But Saint Peter’s persevered. Maybe it’s a coincidence, but Paul’s 28 months as athletic director have been the most successful stretch in school sports history.

In 2019-20, albeit a truncated sports year, the men’s teams finished second in the MAAC men’s Commissioner’s Cup standings, their second-highest finish ever. They also put 161 student-athletes on the league’s academic honor roll, the most in a decade. Then came the story of a lifetime.

This month, the Peacocks became the darlings of the sports world, everyone’s Cinderella. Last weekend, Saint Peter’s became only the third 15th seed — and the first men’s team in MAAC history — to reach the Sweet 16. On Friday night in Philadelphia, they face Purdue as a 13-point underdog, looking to make more history under the hottest coach in the land, Shaheen Holloway.

Saint Peter’s head coach Shaheen Holloway talks during practice for the NCAA men’s college basketball tournament, Thursday, March 24, 2022, in Philadelphia. Saint Peter’s plays Purdue in the Sweet 16. (AP Photo/Matt Rourke)

As you might expect, it’s been a busy, exhilarating week for Paul, 40, who played lacrosse and soccer at Canisius College before earning a master’s in sports administration in 2004.

“The word I would use for it is ‘outrageous,’” she said Tuesday. “It’s been a been a completely wild ride. I’m still sort of back on Friday before the MAAC championship. It still hasn’t hit me that we’ve won a MAAC championship, let alone that we’re in the Sweet 16 on Friday.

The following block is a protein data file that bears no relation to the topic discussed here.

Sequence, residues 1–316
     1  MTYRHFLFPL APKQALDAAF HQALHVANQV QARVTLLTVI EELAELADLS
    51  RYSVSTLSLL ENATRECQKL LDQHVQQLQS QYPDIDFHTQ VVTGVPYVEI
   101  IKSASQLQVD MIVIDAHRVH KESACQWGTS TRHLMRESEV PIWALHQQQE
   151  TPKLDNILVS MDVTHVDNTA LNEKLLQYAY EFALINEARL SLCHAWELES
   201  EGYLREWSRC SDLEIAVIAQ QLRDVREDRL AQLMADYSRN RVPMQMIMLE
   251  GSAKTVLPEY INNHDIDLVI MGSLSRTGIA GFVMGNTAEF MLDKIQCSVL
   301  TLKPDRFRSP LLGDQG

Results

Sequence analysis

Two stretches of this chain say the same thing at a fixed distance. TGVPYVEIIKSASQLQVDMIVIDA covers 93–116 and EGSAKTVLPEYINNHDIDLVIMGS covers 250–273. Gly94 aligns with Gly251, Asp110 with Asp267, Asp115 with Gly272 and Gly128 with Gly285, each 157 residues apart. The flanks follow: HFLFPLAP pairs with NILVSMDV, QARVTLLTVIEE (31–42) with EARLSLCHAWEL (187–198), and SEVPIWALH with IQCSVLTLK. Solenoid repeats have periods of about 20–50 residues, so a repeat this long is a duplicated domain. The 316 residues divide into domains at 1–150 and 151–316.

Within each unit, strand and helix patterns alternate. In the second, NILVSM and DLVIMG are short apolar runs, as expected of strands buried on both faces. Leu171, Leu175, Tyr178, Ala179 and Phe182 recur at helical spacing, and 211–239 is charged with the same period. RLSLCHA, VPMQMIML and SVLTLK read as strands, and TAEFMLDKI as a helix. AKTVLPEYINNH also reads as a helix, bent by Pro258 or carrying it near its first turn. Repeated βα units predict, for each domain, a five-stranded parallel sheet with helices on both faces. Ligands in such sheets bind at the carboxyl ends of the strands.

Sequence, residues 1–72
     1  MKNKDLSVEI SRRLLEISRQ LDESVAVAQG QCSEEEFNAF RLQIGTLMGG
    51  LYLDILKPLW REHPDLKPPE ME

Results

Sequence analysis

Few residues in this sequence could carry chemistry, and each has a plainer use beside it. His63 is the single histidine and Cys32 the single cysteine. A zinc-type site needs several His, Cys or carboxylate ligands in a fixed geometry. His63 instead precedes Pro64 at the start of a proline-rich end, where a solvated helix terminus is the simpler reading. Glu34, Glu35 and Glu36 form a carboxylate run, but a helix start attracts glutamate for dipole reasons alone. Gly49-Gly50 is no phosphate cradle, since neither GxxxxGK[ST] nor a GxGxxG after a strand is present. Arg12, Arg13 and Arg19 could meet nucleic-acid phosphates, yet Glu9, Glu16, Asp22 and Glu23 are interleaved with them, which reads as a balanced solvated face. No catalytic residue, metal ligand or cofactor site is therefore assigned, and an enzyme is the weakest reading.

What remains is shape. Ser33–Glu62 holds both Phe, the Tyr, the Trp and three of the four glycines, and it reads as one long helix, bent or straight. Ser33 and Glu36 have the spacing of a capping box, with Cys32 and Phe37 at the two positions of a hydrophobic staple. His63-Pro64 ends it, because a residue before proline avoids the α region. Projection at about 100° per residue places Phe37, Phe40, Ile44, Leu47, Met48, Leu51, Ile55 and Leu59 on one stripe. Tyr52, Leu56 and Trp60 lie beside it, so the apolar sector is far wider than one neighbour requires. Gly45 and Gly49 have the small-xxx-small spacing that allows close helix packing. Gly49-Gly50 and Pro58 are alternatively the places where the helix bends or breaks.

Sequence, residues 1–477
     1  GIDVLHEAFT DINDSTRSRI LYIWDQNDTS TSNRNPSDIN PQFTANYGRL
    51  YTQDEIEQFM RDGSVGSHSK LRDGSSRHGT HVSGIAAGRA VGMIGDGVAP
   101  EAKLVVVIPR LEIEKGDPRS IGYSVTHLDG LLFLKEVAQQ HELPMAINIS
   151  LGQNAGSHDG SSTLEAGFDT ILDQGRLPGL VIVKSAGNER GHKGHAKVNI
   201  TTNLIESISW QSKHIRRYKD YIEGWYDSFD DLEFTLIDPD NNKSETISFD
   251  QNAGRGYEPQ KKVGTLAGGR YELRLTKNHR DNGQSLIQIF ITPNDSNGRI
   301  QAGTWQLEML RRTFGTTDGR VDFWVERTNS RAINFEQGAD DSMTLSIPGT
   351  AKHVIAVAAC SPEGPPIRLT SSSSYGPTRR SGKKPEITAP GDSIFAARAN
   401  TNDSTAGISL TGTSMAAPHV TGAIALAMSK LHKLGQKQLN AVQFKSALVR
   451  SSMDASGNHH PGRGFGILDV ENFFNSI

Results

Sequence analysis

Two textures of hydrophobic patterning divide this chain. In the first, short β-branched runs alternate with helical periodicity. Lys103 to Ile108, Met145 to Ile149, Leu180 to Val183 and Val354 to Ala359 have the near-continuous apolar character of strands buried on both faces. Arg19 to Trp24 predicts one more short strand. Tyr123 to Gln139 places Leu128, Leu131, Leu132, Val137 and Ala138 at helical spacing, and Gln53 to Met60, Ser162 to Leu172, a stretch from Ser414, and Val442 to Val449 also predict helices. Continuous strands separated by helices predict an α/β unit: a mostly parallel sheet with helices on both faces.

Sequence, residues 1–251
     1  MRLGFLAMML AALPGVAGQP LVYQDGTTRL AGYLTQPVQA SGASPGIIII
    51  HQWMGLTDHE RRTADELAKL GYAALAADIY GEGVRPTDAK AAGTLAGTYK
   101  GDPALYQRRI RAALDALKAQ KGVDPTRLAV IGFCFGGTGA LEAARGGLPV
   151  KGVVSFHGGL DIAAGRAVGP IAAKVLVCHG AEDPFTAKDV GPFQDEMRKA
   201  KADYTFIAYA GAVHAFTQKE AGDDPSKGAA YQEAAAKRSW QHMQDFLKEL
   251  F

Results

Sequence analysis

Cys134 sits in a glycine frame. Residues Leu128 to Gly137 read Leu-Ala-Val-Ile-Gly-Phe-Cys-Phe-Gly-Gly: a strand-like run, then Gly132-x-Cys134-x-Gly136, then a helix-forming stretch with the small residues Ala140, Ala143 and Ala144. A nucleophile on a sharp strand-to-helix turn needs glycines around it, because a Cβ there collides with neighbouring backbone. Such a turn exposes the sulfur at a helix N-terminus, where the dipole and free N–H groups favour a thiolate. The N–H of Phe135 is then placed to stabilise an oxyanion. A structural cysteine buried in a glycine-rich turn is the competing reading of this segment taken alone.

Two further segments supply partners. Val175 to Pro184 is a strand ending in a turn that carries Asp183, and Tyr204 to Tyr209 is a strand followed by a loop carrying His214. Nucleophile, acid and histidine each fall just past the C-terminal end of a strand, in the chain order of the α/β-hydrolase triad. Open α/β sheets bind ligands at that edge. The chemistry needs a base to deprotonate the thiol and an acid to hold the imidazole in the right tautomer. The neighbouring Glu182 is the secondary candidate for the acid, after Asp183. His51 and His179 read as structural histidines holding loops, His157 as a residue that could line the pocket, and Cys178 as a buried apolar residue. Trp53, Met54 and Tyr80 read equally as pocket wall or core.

“It’s been non-stop. It’s been a great experience. It’s been chaotic. It’s been fun. It has electrified this campus, this Jersey City community, Hudson County and folks across the country and the world who are pulling for little Saint Peter’s!”

Paul said the school’s website crashed last Thursday after the Peacocks beat Kentucky — whose coach, John Calipari, has a salary of $8.5 million, more than the entire Saint Peter’s athletic budget.

Kentucky head coach John Calipari walks off the court after losing to Saint Peter’s in the first round of the NCAA tournament, 85-79 in overtime. (AP Photo/Darron Cummings)

“People asked, ‘Where is Saint Peter’s? What is Saint Peter’s?’ Since Thursday, we’ve generated more than $19,000 in merchandise sales. Some place named a beer after us with a peacock smashing the face of a Kentucky Wildcat. Some student created a social media account for Doug (Edert)’s mustache.”

“The immediate is just absolutely wild,” she said. “It’s like a perfect storm of excitement that everybody’s holding onto. And we love it. We welcome it.”

The equivalent for a Buffalo fan would be winning the Super Bowl. Oh yes, Rachelle is a big Bills fan. She even managed to convert her husband. Tim grew up on Long Island as a Giants fan but was won over when he went to his first game in Orchard Park in 2006 in his first year on Tom Parrotta’s staff.